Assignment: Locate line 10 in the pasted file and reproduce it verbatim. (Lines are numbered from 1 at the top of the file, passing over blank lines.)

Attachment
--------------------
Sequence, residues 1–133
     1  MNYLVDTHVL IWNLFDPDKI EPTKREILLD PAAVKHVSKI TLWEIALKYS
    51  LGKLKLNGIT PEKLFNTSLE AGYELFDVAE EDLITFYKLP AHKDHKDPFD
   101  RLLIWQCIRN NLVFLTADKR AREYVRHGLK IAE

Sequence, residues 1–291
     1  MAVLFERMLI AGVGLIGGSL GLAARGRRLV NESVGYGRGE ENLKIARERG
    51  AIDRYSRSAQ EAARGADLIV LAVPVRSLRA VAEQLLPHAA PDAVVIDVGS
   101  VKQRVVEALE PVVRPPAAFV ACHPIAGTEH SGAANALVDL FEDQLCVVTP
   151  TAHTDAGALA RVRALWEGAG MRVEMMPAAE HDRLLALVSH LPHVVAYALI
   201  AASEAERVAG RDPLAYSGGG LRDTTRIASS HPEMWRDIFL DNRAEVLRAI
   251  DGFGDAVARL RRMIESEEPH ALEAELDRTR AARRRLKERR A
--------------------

   201  AASEAERVAG RDPLAYSGGG LRDTTRIASS HPEMWRDIFL DNRAEVLRAI